Film Reviews

Review: ‘Walking on Water’

Artist Christo returns

Courtesy of TIFF


Walking on Water
(Italy/USA, 105 min.)
Dir. Andrey Paounov
Programme: TIFF Docs (North American Premiere)

Get a new peak behind the curtain of a genius’s artistic process in Walking on Water. This film by Bulgarian director Andrey Paounov offers an engrossing glimpse into the craft of Christo, the renowned installation artist who transforms environments into experiential artwork. Christo’s art is no stranger to documentary having been captured in a quintet of documentaries by the Maysles Brothers, most notably in Christo’s Valley Curtain (1974) and Umbrellas (1994). That’s a high bar for any filmmaker to meet, especially when documenting the same subject undergoing a similar endeavour, yet Paounov more than meets the challenge.

Christo’s project in Walking on Water inevitably evokes comparison to the elaborate curtain he draped across the Denver’s Rifle Valley as depicted in one of the Maysles’ doc. This time, instead of spanning tonnes of orange fabric hundreds of miles above ground, Christo drapes the colourful material clean across the waters of Italy’s Lake Iseo. It’s an installation of Biblical proportions. Christo aims to allow art enthusiasts to traverse the body of water without wetting a toe.

Paounov observes Christo undertake this massive project, which was conceived decades earlier with his partner Jeanne-Claude, who passed away in 2016. The ambitious artwork involves interlocking buoyant piers that come together like LEGO before Christo and his team cover them with eye-popping orange sheets. The project is like an elaborate network of docks that bridge communities on either side of the lake while offering waterfront cafés and scenic views for the public.

Christo once again proves to be a colourful and larger than life character. Now 80, he’s more cantankerous and scrappy than ever. His nephew, Vladimir, serves as his head of operations and the two trade some humorous wars of words when they disagree on the best course to realize the project. A debate over sturdy chains versus flimsy chains, for example, highlights Christo’s droll screen presence and crotchety ways while illustrating the collaborative process of the work for which he often alone receives credit. Similarly, Paounov’s camera captures the sheer scale of the effort that goes into executing this unique project. It’s a thrill to watch so many hands come together in the service of great art.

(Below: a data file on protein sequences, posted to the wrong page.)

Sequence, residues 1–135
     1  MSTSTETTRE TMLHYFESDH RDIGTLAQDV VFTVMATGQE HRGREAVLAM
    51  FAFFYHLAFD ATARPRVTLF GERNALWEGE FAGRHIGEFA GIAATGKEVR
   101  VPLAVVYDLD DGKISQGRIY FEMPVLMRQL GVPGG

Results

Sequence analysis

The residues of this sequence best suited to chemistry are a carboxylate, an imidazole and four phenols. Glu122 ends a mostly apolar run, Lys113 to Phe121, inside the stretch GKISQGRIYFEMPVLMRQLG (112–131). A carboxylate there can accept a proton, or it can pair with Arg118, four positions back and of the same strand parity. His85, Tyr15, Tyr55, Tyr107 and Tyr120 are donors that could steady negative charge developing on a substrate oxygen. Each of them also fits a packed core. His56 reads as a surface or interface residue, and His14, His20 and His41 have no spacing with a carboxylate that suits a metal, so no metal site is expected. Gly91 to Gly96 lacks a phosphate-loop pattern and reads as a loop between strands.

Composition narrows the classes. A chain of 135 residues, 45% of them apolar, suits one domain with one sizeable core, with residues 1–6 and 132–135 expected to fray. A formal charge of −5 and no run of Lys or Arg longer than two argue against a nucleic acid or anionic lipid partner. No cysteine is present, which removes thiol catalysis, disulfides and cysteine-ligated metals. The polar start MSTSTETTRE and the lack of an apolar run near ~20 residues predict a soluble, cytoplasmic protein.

Walking on Water adds to the enigmatic appeal of Christo by evoking many of the same tensions observed by the Maysles and other filmmakers who tell his stories. His work is an acquired taste, seen as frivolous or pointless to some, while breathtaking and invaluable to others. Scenes of town meetings are given weight equal to exchanges with art dealers and collectors. The work is as valuable socially as it is commercially. Anything that draws people together to engage with their natural environment and view their surroundings with new appreciation is a priceless work of art. It’s in this regard that Walking on Water shows Christo to be a master: the best art creates forums for community and engagement. Doc fans and festivals everywhere should be rolling out the orange carpet for this film.

Walking on Water screens:
-Sat, Sept. 8 at TIFF Lightbox at 9:15 PM
-Sun, Sept. 8 at Cineplex Scotiabank at 9:45 PM
-Sun, Sept. 16 at Jackman Hall at 6:15 PM

Visit the POV TIFF Docs Hub for more coverage from this year’s festival!

Pat Mullen is POV’s Associate Online Editor, etc. He covers film at Cinemablographer.com, and has contributed to The Canadian Encyclopedia, Paste, BeatRoute, Modern Times Review, and Documentary magazine and is a member of the Toronto Film Critics Association and the Online Film Critics Society. You can reach him at @cinemablogrpher

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